• Reputational risk management fails to align with business objectives, study finds

    The link between reputational risk and businesses objectives can be difficult to quantify. As a result, many organisations are struggling to align the two, which can sacrifice positive public perception in the name of economic performance or vice versa.

    Risk is unavoidable for businesses, whether reputational or otherwise, and corporate affairs messages need to acknowledge its value in achieving business goals. However, these organisations also require professionals that can manage any incidents that may negatively affect the way a company is perceived by the general public. 

    The way risk and business success interact was detailed in a recent survey by Ernst & Young (EY), which found that perception management is often ignored in favour of economic objectives. 

    How are organisations managing reputation risk?

    EY found that, of the nearly 1,200 C-Suite leaders it surveyed, the vast majority are struggling to link risk management with business goals. While 97 per cent are making attempts in this regard, 85 per cent have failed to create a successful connection between the two. 

    The key issue, according to EY, lies in the communication issues between various leaders and the company's board. This can result in oversights that either cost organisations in terms of reputation risk or missed business opportunities.

    Global Risk Leader at the firm Paul van Kessel believes that, despite these issues, businesses are in a position to control their own risk levels. 

    "While this creates many challenges for organisations, it is important to think, manage and respond to risk differently: find where there's opportunity in risk and protect against the risk you would like to avoid," he explained.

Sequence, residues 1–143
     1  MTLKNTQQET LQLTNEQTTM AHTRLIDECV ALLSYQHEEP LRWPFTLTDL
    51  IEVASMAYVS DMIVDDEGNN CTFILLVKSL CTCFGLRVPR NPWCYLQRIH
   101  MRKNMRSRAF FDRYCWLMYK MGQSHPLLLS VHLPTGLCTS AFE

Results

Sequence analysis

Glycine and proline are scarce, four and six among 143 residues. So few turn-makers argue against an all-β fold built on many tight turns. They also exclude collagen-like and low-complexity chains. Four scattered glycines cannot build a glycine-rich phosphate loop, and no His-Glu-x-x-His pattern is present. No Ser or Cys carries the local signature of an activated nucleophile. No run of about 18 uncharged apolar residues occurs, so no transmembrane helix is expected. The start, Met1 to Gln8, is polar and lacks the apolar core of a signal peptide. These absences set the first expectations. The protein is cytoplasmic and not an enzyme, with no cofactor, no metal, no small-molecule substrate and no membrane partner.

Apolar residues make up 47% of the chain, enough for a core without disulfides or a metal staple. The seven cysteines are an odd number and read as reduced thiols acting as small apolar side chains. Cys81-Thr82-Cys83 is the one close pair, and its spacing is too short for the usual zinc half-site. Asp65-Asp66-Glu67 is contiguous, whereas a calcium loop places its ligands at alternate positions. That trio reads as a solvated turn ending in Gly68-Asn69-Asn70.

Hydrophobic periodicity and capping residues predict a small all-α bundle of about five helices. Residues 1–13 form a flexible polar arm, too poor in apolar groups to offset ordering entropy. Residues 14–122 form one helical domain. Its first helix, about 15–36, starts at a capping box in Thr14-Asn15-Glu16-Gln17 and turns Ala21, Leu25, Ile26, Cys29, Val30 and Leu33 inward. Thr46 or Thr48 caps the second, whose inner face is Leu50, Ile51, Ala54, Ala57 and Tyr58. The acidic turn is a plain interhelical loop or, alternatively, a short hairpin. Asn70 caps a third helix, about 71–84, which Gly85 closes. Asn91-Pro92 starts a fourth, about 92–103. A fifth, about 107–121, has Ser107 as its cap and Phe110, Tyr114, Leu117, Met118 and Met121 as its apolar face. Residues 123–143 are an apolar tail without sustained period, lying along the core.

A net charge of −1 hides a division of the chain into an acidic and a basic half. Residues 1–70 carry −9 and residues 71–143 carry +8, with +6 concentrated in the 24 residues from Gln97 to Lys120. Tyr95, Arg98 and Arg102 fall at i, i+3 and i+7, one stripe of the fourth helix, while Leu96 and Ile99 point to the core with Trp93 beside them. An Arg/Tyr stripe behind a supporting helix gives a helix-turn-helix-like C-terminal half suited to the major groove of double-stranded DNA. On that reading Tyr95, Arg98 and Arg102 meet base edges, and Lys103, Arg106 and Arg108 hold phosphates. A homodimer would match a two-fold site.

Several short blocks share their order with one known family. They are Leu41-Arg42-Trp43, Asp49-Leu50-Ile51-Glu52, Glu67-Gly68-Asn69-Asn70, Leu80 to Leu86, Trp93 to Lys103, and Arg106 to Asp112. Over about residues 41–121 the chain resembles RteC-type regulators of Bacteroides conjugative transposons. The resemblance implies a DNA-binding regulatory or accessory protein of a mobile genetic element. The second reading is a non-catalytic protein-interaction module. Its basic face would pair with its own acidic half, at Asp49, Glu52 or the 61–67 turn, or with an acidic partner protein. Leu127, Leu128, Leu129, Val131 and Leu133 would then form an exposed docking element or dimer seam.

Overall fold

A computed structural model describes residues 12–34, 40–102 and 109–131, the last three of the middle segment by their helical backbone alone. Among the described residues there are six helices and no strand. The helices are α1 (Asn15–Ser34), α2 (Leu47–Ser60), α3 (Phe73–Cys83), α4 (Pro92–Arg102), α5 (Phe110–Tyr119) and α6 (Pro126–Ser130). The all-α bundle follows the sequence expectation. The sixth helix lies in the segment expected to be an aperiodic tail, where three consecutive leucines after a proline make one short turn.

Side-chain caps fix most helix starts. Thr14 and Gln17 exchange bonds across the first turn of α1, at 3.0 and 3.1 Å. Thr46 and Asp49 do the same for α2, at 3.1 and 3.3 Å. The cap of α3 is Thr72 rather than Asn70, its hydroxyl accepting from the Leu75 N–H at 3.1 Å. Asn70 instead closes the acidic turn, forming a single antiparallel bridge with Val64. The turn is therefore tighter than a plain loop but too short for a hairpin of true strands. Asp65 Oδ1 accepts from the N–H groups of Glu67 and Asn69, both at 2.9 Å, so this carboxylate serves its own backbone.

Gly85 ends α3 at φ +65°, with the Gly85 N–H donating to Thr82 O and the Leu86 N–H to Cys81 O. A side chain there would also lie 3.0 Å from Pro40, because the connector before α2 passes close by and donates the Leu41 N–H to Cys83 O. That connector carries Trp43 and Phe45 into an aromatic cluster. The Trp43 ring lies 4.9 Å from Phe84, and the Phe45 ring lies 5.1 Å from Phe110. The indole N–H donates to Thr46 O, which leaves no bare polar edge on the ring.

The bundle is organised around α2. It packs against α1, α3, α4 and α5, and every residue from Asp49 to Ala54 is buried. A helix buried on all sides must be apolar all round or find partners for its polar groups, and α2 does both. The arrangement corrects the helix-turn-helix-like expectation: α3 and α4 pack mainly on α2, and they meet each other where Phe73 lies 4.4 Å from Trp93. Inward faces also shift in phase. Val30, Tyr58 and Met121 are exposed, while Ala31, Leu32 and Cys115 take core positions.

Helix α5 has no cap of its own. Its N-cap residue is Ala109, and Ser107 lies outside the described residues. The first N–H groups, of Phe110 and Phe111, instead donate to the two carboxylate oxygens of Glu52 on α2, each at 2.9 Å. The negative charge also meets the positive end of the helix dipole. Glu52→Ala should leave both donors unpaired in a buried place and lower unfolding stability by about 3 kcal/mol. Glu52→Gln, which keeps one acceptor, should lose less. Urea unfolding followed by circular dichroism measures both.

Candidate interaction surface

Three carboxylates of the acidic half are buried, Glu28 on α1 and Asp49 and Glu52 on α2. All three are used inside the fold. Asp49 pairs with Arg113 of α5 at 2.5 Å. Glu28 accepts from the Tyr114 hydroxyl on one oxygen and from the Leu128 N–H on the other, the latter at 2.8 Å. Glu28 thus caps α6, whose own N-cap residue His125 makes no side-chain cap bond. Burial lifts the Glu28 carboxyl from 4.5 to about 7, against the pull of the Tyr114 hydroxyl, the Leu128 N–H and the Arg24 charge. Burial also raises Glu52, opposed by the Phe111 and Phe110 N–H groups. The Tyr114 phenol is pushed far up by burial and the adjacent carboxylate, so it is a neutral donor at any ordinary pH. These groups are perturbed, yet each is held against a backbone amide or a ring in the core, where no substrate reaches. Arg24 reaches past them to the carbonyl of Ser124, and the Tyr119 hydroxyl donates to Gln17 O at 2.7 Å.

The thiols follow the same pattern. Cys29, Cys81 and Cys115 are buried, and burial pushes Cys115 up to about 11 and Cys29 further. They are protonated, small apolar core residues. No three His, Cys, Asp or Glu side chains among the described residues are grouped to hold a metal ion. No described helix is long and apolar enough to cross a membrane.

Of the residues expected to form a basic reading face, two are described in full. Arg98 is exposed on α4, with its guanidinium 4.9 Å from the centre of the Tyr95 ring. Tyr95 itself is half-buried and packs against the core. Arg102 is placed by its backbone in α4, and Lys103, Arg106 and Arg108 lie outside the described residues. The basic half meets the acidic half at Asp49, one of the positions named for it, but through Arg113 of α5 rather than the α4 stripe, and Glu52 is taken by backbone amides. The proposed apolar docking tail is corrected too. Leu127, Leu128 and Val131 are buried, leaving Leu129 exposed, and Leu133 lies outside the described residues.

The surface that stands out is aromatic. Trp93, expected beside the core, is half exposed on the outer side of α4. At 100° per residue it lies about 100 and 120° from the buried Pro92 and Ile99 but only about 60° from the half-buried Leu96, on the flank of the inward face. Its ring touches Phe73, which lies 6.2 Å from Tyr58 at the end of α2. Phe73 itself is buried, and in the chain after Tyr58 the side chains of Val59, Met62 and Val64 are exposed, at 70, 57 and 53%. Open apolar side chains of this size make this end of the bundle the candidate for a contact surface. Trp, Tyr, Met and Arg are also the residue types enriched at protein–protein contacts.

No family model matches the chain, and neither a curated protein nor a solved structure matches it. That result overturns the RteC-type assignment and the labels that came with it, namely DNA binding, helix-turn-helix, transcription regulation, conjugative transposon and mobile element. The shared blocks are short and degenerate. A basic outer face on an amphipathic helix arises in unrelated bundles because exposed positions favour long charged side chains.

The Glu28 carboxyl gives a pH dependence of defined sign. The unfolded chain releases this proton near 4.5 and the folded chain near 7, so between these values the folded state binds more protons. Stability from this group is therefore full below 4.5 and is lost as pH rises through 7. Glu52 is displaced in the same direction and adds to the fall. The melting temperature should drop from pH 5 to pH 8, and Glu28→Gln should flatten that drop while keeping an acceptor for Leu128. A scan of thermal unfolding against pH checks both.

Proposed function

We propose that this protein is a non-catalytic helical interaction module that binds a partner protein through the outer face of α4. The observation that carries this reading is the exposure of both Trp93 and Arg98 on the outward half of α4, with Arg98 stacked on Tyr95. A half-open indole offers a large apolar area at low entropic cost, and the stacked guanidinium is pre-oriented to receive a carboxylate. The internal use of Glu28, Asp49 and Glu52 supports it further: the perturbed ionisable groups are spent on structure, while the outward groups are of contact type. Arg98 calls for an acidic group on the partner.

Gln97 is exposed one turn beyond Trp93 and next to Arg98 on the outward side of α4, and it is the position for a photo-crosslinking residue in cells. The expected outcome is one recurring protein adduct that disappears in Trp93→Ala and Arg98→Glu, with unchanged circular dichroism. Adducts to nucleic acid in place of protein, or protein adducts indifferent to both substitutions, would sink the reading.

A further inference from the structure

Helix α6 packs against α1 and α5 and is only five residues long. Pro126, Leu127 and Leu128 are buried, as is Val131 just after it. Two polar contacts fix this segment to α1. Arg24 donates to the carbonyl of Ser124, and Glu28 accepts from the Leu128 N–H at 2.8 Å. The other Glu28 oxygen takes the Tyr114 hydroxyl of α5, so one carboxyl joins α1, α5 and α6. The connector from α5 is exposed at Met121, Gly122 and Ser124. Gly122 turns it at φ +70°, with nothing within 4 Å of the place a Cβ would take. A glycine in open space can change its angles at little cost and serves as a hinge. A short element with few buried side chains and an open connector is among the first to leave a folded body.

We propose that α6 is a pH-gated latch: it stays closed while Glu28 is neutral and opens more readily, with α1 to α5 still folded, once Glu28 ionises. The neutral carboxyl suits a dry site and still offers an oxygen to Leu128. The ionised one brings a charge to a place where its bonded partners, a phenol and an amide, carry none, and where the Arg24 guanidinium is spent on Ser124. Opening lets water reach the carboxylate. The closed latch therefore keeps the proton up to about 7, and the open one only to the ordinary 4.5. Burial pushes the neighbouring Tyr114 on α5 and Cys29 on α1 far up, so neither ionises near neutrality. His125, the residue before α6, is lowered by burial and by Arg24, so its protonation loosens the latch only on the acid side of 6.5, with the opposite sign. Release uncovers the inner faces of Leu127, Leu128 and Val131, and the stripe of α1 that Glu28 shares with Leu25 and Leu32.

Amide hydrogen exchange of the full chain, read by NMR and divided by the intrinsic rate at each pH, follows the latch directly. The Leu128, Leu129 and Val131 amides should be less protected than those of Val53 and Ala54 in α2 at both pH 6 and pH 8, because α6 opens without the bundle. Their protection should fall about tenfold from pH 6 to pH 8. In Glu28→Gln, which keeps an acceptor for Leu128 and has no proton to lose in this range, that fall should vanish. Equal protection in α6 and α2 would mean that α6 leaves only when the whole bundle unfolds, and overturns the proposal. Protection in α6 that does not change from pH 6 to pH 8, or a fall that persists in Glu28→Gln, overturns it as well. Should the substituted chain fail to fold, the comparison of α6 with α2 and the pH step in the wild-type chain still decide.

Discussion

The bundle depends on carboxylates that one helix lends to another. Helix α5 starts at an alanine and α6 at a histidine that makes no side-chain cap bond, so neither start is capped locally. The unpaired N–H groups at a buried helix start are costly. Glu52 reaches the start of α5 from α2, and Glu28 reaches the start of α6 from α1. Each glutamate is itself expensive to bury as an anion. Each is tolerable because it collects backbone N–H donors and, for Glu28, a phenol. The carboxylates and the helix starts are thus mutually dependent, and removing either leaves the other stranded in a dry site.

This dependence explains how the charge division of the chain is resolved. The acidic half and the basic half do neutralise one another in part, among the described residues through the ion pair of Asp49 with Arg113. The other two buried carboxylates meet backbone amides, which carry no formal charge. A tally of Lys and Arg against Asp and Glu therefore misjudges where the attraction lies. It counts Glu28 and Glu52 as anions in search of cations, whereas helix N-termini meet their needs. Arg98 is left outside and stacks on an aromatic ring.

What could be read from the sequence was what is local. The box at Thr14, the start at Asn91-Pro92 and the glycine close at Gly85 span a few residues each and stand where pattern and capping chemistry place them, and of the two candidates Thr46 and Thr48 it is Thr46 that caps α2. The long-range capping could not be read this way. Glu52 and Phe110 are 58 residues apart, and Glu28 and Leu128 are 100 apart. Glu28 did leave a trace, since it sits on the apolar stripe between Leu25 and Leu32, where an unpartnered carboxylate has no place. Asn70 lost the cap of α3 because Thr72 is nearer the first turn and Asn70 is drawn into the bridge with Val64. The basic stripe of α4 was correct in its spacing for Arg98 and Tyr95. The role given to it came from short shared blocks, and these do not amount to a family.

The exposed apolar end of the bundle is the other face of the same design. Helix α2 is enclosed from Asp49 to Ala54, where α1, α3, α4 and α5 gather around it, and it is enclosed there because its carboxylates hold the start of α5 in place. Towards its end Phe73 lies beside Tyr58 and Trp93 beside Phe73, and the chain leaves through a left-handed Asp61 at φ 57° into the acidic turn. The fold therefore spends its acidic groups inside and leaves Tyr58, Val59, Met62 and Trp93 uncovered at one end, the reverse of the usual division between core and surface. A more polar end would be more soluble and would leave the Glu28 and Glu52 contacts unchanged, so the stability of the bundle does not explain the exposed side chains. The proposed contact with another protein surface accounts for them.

Can organisations promote better decision making in this area?

    Corporate affairs leaders are tasked with making difficult decisions in these areas as they are often required to make choices that support reputation management without negatively impacting financial objectives. 

    In the case of significant decisions in large corporations, PricewaterhouseCoopers (PwC) reported that those who make data-assisted decisions usually find increased success in these areas. However, the firm found that only a third of organisations consider themselves "data driven". 

    Despite this fact, 94 per cent of respondents believe they are equipped to make tough decisions, suggesting a more analytical approach could enhance an organisation's ability to manage reputational risk.

    The Directors' Cut Survey produced by Deloitte also confirmed that many organisations haven't opened themselves to other opportunities for risk management. The firm found that 89 per cent take a consistent approach to these situations.

    The above examples illustrate the challenges corporate affairs leaders face when aligning reputational risk management with business goals, suggesting there is room for an evolution in decision-making processes. 

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